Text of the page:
Zero trust requires clear architecture plans before changing core systems

Successful enterprises approach zero trust carefully, with the big picture in mind, before making changes to network access, data management or application engineering.

blueprint 101151831

Zero trust touches everything: identity, applications, networks, data, and devices. The best approach is not to change everything all at once. Instead, start with the big picture.

In our research, we’ve found the most successful organizations dedicated the first phase of their zero-trust initiatives to working out an architecture. They didn’t rush into deploying solutions as though starting with a greenfield.

Everyone else dove in fast, mixing the foundational work on zero trust with one or more of the knock-on efforts: rearchitecting networks, security, and data management; buying tools; forming implementation teams and setting them to work. All those things need to happen, of course, but with zero trust, it pays to do a lot more thinking about how all the pieces will fit together before undertaking the changes needed, either at the architectural level or in the tool set.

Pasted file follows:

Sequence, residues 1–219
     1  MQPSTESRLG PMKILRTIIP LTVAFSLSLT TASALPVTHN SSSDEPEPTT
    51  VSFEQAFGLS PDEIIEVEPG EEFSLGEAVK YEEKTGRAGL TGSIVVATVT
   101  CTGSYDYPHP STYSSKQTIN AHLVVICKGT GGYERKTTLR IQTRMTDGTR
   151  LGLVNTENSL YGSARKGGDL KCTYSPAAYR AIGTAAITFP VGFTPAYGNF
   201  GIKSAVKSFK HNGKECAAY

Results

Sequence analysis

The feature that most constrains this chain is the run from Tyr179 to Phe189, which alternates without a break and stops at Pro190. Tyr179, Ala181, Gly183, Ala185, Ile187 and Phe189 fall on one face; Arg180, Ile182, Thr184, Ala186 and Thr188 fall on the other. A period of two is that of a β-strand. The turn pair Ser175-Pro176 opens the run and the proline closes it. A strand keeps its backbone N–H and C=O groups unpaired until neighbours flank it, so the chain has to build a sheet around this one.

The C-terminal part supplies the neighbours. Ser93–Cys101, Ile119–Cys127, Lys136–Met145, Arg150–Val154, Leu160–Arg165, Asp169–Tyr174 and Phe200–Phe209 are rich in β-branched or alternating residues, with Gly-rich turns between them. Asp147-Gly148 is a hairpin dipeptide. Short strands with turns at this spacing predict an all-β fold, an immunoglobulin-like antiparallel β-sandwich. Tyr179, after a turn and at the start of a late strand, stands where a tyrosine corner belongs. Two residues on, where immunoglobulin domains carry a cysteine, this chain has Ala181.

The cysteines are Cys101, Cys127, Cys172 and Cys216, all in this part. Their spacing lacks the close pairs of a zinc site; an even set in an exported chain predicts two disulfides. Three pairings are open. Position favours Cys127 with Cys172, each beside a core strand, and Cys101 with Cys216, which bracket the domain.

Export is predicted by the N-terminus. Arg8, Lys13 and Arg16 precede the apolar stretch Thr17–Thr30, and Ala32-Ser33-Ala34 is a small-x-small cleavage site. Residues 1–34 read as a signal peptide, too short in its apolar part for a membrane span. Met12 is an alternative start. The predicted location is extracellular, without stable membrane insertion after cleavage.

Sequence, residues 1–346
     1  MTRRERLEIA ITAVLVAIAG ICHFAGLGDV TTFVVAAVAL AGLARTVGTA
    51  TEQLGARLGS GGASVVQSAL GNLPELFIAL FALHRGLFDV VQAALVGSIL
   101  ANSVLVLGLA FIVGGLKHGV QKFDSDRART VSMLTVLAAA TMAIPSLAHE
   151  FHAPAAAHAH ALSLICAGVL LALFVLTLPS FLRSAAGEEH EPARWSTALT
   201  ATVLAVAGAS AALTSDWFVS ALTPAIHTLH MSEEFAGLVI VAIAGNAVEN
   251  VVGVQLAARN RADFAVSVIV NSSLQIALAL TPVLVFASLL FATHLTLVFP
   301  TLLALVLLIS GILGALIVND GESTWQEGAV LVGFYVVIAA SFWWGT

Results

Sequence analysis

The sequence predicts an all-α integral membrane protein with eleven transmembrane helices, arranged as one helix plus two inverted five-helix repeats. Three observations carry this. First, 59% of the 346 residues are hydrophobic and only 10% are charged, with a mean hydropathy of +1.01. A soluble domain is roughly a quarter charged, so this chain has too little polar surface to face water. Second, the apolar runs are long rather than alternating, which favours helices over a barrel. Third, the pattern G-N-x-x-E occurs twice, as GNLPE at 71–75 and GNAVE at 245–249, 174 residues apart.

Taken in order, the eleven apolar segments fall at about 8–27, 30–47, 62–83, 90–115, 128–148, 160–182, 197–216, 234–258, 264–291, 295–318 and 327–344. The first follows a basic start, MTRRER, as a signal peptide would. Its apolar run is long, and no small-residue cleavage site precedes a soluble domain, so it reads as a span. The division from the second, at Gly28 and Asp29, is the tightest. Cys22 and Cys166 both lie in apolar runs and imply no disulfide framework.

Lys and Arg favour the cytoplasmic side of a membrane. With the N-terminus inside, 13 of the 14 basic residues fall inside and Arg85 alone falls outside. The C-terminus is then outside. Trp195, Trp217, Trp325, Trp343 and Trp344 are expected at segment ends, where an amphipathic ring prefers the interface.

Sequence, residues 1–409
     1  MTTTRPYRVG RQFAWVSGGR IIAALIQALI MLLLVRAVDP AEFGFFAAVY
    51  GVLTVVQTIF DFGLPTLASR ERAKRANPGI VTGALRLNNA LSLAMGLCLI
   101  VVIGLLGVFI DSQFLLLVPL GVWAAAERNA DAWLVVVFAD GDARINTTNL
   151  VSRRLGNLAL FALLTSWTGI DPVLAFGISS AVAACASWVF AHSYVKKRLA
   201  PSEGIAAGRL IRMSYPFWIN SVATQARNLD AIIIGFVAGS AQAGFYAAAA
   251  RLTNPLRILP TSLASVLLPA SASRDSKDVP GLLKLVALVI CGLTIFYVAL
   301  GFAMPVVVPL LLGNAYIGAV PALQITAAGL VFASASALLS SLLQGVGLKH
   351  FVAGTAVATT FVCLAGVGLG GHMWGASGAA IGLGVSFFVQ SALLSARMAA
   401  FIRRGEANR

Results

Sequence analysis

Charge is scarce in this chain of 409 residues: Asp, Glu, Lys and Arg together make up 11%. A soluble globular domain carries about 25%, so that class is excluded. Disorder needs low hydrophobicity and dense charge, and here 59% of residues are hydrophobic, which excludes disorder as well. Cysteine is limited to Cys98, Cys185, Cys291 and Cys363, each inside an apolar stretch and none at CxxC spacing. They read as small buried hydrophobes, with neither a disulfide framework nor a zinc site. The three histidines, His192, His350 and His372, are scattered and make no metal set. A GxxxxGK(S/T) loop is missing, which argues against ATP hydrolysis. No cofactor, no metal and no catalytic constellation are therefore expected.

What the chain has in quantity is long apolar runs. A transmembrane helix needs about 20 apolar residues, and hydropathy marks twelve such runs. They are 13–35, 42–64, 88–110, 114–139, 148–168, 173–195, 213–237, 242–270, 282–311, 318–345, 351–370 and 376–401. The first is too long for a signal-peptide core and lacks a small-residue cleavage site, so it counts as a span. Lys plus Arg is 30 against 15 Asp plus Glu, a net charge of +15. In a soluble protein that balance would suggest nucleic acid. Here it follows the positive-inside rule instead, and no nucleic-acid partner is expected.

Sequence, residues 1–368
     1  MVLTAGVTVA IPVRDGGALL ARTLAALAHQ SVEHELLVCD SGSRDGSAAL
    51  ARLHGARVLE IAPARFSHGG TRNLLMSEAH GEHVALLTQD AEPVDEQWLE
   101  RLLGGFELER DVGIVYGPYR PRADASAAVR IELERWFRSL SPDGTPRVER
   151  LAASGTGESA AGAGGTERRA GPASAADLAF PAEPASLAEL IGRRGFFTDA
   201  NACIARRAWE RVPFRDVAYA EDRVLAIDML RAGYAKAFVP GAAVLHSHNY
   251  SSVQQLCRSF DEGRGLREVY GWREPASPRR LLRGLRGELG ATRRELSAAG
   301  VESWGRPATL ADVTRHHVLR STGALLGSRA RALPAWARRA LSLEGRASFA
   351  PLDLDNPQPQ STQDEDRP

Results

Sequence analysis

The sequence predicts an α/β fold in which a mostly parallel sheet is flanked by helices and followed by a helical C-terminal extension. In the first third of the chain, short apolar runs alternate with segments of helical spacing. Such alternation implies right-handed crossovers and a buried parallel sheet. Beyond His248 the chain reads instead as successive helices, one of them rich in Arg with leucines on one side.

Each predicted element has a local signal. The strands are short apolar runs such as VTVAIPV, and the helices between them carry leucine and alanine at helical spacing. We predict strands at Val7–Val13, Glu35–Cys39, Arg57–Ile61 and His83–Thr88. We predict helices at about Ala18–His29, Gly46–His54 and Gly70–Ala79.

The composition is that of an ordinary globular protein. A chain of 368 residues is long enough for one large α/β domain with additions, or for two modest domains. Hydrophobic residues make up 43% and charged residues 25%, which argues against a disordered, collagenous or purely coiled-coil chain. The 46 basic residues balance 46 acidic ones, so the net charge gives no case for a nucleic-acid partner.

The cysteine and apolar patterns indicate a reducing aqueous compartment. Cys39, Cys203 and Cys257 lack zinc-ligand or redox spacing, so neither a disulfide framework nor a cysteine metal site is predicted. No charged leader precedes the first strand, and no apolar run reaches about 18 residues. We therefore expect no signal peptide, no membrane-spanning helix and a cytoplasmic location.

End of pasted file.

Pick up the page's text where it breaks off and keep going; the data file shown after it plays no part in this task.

When we talk about security success, in this case we mean organizations with a very low ratio of serious cybersecurity incidents. The more successful organizations had, at the most, two serious incidents per 100 cybersecurity incidents (a serious incident is defined as one that has an impact on staff or the business, or requires external reporting). And in most cases, these successful organizations kept their ratios well below this 2% threshold. (Data comes from Nemertes’ recent research on cybersecurity, the Secure Cloud Access and Policy Enforcement Research Study 2021-22)

Zero-trust planning

To continue reading this article register now